“Employers are looking for students who are adaptable and can think on their feet.”
“We can probably teach you a lot of the specific skills you might need once you join the company. So when we’re hiring, we’re looking for the things you can’t teach,” Brody says.
“Is this person coachable? Can they work as part of a team? Will they take the initiative and think for themselves?”
Brody recommends graduates take the time to work out how your skills and education might meet New Zealand’s needs.
“The tourism and IT sectors are very strong at the moment but there are heaps of opportunities out there. I’d recommend taking a look at the Skills Shortage Checker on the New Zealand Immigration website to find out where the gaps are and how you might help plug them.”
Work/life balance is important in New Zealand
For many job seekers, work/life balance is just as important as a healthy salary and promising career paths. The good news, according to Brody, is that work/life balance is pretty important to most New Zealand employers as well.
“Kiwis place a lot of importance on making sure you don’t spend all day, every day in the office.”
“We live in a pretty amazing part of the world, so people like to get out and enjoy the outdoors, and spend plenty of time with friends and family.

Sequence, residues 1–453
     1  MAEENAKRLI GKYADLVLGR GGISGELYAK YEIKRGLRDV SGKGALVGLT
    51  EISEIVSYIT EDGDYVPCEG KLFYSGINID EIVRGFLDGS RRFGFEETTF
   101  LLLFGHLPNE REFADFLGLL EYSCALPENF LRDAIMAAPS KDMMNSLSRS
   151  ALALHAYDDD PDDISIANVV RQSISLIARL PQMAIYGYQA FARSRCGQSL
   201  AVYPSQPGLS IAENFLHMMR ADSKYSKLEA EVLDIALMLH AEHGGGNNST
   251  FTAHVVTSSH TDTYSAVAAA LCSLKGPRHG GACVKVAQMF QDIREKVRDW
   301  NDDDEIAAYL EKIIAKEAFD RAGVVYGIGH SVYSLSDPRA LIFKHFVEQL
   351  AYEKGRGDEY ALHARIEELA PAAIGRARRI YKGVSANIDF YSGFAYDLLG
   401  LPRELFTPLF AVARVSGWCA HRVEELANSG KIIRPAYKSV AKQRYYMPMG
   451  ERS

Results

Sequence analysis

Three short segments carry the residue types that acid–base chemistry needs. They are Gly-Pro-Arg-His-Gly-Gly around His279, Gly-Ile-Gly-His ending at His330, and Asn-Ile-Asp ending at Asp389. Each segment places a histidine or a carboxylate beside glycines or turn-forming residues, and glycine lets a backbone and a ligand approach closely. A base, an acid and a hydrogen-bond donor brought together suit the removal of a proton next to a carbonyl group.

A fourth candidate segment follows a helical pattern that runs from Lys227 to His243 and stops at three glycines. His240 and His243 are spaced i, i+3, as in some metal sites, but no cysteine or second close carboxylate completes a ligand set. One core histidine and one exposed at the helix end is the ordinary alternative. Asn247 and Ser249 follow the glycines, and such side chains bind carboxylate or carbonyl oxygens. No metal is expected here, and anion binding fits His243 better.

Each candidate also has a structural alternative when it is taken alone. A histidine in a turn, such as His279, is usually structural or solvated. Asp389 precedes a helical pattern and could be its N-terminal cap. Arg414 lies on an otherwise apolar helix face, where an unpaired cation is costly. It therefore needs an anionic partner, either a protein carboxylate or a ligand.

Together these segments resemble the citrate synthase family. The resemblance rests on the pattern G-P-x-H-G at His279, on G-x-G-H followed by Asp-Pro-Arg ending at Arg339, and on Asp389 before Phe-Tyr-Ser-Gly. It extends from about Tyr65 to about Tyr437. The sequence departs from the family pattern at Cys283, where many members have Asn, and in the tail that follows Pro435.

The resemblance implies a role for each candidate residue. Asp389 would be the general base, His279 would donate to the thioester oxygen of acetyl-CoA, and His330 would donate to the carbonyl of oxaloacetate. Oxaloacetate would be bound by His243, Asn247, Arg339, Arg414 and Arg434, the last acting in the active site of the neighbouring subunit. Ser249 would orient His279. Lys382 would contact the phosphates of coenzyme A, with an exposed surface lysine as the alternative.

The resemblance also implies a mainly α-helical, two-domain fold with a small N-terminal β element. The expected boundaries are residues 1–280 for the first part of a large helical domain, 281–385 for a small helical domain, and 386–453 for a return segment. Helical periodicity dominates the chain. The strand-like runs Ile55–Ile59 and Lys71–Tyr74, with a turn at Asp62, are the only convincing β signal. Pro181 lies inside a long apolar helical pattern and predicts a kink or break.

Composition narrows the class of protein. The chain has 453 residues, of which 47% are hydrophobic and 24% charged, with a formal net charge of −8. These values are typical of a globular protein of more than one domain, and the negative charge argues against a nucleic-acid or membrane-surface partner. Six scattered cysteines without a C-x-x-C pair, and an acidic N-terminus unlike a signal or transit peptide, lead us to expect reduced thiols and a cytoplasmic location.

“In my organisation, we work 40 hours a week and we’re pretty strict about making sure our employees don’t work any longer than that. Occasionally there might be a deadline you just have to meet but we like our people to keep to an eight-hour day when they can.”
Post-study work visas and internships can help you move into the workforce
Most international students who study in New Zealand are eligible for a post-study work visa. You can apply for this visa as soon as you successfully complete your qualification, and it lets you work in New Zealand for almost any employer for up to three years after you graduate.
Brody says internships are a great way to transition from study to work.
“We have an internship programme for interns who might be studying or graduates who have finished studying to come and work for us for a few months. I’m in the tech sector but that sort of arrangement is fairly common in other New Zealand industry sectors.”
International students sometimes worry about their English language skills and whether they’ll be fluent enough to work in New Zealand. Brody says each industry will have different expectations around English language ability but that working here is a great way to polish your language skills.
“New Zealand is also a welcoming and friendly place to learn English. It helps if you know the industry-specific language.”